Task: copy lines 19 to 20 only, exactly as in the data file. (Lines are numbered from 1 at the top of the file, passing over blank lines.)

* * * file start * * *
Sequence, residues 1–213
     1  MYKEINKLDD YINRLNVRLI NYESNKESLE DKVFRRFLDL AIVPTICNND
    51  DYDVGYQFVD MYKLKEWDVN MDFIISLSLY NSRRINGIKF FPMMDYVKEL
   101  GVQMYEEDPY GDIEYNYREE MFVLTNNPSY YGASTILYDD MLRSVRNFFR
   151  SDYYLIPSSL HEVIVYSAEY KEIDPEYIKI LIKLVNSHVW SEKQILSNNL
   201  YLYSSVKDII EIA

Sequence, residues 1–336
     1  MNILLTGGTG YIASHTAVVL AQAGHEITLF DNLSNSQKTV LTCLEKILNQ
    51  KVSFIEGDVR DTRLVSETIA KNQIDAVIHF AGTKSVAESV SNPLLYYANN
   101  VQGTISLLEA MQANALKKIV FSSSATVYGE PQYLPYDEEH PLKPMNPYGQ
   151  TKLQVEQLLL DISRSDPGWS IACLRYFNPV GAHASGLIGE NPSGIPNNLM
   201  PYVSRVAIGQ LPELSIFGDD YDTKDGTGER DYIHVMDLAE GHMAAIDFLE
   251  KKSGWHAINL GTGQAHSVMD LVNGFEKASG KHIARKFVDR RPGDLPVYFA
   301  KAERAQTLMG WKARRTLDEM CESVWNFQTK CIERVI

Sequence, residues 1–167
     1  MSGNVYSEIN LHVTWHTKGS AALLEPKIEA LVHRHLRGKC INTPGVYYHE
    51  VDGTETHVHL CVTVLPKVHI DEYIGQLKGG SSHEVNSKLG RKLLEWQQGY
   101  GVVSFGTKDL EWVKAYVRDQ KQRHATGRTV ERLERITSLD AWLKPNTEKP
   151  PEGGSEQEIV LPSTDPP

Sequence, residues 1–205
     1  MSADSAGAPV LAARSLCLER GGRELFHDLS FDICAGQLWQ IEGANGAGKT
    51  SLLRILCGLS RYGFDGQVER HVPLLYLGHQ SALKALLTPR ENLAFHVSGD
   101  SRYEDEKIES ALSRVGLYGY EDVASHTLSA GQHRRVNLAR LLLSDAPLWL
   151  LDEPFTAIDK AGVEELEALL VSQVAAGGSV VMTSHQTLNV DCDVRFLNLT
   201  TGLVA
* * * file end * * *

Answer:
   151  PEGGSEQEIV LPSTDPP

Sequence, residues 1–205